• Is there a designated space for a registration/check-in desk with storage for materials?

Fees and contract

  • What's included in the rental fee? Does it include furniture, linens, WiFi, and cleaning?
  • Are there any extra charges for things like technical support, early access for setup, or going over time?
  • What's the payment schedule? Do they require a deposit?
  • What's the cancellation policy? Do they offer refunds or credit for future events?
  • Are there any restrictions on signage, decorations, outside food/bev, or noise level?

If possible, we always recommend visiting the venue in person before booking, ideally around the same time of day as your event. This allows you to experience things like the lighting and get a true sense of the space and layout.

We also suggest doing a full walk-through with the venue's event manager to review your requirements and ask detailed questions about the space, services, and contract. Getting everything in writing upfront avoids surprises and unnecessary stress down the line.

Step 3: Organize Your Materials and Supplies
With the venue booked, the next major task is gathering all the physical materials and supplies needed for your sessions and attendees. No matter how much you plan, it seems there are always last-minute runs to the store for extension cords or printer ink. But with a bit of organization and prep work, you can avoid many of those mad dashes.

At the LGP, we maintain a master checklist of supplies that we review for each event. This covers things like:

Registration and wayfinding

  • Name tags and lanyards
  • Sign-in sheets or attendee lists
  • Branded welcome signage and directional signs
  • Markers and blank name tags for walk-ins
  • Cash box and receipt books for on-site payments

Attendee gifts and resources

  • Welcome bags/packets
  • Notebooks and pens
  • Printed agendas, handouts, and surveys
  • Speaker bios and contact list
  • Parking passes and public transit maps

Session and speaker supplies

  • Flip charts and markers
  • Post-it notes and index cards
  • Laser pointers and slide advancers
  • Timers for keeping speakers on schedule
  • Back-up laptops, cables, and batteries
  • Dongles and power strips

Food and beverage

  • Plates, utensils, napkins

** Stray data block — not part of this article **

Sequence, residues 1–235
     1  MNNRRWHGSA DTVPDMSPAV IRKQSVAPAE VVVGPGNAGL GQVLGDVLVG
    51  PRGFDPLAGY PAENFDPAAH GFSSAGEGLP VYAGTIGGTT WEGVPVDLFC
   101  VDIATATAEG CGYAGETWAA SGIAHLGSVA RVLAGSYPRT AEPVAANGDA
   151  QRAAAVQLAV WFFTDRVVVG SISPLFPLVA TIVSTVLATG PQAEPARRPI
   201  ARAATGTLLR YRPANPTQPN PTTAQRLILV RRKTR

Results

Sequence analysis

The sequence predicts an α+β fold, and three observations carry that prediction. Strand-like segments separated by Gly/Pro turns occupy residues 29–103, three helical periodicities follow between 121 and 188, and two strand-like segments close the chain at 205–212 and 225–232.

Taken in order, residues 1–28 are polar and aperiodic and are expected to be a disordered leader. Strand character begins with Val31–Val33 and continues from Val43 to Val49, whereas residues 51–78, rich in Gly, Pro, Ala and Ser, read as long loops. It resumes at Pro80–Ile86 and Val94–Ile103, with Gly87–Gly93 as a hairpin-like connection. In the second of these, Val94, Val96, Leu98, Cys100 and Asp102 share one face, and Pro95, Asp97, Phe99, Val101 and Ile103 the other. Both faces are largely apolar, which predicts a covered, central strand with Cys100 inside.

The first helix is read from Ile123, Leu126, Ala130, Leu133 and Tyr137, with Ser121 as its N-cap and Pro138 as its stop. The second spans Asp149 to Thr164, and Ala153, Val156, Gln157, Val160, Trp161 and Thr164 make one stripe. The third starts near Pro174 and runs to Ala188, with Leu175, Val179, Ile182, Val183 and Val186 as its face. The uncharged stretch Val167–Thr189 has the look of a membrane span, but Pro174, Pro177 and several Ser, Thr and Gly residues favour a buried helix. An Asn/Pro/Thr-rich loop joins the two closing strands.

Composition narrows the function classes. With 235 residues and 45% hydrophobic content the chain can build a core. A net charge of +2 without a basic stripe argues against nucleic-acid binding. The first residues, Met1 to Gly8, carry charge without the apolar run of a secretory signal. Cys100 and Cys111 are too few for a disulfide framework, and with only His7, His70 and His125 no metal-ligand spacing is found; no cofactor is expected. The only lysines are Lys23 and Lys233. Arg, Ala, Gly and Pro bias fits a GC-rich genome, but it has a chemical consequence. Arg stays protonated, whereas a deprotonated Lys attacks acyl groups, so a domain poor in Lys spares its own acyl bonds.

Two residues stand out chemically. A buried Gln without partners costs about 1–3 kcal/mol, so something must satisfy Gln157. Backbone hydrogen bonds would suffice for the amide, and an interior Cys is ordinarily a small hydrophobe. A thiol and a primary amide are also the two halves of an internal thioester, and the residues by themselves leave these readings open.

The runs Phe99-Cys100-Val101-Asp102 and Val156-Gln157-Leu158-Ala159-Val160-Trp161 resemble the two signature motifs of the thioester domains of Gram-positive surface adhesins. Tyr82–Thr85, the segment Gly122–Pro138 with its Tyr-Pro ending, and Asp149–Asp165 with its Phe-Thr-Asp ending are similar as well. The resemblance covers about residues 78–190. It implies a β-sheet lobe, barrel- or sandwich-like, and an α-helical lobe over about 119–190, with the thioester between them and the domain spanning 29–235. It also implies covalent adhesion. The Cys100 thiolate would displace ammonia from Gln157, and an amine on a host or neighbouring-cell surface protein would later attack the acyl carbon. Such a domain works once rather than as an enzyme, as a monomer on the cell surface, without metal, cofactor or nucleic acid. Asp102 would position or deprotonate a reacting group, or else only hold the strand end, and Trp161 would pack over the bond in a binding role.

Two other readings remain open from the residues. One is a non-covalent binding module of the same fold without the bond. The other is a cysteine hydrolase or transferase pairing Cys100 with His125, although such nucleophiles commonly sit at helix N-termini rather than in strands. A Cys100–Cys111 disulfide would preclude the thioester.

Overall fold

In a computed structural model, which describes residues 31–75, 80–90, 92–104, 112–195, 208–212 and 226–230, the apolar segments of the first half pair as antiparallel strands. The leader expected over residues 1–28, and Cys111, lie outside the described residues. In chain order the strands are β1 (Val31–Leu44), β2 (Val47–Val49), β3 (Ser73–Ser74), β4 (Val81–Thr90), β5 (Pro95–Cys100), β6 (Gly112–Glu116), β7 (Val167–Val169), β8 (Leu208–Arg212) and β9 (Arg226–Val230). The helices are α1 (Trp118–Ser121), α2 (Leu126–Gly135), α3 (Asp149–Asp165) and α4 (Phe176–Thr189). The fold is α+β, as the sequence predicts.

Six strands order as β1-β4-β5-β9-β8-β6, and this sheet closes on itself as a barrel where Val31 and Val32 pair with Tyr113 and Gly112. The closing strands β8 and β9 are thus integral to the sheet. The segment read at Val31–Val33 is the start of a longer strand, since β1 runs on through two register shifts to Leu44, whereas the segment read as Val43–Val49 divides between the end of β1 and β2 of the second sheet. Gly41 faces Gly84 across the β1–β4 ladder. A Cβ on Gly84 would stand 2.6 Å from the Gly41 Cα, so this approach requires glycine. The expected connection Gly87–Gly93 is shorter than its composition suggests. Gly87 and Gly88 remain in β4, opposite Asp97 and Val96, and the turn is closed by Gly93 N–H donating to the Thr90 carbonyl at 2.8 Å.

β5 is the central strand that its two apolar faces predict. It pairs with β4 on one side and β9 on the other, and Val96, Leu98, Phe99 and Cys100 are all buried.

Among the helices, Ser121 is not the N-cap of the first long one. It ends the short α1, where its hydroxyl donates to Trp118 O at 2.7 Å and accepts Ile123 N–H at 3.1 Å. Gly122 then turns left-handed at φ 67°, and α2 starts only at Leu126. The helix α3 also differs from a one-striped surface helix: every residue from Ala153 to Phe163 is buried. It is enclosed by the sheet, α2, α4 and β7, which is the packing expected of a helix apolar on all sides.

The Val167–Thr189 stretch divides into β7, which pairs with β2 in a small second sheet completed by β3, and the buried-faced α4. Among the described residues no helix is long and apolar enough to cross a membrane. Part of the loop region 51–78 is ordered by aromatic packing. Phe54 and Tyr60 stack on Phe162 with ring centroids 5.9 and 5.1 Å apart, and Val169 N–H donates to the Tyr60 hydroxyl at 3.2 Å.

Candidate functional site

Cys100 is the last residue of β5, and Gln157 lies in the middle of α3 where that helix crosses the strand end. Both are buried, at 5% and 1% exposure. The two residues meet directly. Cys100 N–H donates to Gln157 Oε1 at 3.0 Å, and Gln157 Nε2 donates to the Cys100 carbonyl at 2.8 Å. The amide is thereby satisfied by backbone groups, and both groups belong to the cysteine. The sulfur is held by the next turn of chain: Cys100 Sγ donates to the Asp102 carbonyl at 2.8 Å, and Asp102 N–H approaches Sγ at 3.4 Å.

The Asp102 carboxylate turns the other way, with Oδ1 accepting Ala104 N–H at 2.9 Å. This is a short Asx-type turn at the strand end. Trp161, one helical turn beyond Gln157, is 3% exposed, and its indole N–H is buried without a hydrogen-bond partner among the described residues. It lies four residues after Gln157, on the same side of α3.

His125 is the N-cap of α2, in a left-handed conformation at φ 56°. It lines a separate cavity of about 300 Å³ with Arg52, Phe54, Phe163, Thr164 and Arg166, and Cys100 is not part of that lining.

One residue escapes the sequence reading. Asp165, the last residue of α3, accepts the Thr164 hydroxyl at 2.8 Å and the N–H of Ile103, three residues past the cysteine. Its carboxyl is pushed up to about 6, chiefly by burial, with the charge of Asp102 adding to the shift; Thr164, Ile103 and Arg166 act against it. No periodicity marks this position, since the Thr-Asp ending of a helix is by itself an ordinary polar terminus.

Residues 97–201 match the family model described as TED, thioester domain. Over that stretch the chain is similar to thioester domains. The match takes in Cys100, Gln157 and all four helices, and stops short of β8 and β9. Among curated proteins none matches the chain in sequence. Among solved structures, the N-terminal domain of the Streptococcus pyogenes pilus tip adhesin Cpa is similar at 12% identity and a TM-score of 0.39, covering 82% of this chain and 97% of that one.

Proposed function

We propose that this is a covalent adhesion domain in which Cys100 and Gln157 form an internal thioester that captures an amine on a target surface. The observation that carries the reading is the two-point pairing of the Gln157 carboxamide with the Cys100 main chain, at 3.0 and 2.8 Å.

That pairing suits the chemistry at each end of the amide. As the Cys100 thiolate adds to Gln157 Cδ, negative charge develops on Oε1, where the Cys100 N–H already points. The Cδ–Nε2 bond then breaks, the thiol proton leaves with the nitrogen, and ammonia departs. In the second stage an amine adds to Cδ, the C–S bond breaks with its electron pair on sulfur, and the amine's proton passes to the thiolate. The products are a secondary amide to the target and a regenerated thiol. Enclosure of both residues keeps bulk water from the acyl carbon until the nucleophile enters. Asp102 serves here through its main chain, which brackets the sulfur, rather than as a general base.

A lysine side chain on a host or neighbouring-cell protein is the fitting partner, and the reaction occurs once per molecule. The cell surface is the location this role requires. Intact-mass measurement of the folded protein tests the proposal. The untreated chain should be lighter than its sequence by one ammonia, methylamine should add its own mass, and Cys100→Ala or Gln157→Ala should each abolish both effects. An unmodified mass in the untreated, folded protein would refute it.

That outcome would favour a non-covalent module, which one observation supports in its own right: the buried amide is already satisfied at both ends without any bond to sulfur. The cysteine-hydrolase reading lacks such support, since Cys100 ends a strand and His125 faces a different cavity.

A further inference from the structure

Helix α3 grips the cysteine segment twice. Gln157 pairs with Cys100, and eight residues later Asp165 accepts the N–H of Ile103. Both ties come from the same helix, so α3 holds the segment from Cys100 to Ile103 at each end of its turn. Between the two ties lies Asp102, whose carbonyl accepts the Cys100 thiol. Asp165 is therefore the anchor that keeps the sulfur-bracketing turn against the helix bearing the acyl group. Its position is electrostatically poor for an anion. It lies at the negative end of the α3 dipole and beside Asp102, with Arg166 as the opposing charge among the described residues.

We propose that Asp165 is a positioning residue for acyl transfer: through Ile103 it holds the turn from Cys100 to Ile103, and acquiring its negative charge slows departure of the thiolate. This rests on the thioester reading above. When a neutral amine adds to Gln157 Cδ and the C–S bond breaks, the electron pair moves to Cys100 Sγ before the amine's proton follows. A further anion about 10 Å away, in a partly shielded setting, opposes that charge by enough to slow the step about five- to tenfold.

• Serving platters and trays
  • Ice buckets and tongs
  • Coffee urns and tea/cocoa packets
  • Coolers for storing cold items

Comfort and accessibility

  • First-aid kit and basic medications
  • Umbrellas for unexpected rain
  • Assistive listening devices and interpreters
  • Extra chairs for accessible seating
  • Nursing/pumping area supplies and signage
  • Feminine hygiene products in restrooms

We usually start gathering and packing materials at least a week before the event. This buffer allows time to order any supplies we're running low on, print materials, assemble welcome packets, and deal with any last-minute changes.

To keep things organised, we use labelled clear plastic bins and a master contents list that specifies how many of each item is packed and which bin it's in. That way if we need more whiteboard markers mid-event, we can easily find them.

We also designate a point person on our team to handle buying supplies and packing. They're responsible for doing an inventory of what we have on hand, identifying what needs to be purchased, placing orders, and updating the contents list. Consolidating this ensures nothing gets missed.

Step 4: Do an Event Dry Run
If you really want to take your planning to the next level, schedule time to do a full dry run of your event. This is especially important if you're using a new venue, testing new technology, or have a lot of moving parts and complex logistics.

About a week before the event, gather your team and any key partners (A/V techs, caterers, etc.) at the venue. Walk through each portion of the agenda as if it were the actual event. This allows you to:

  • Confirm room layouts and seating is set up correctly
  • Check WiFi login process and speed
  • Test microphones, sound levels, and lighting
  • Ensure slides and visuals are formatted and displaying properly
  • Do a AV run-through with each speaker to test their equipment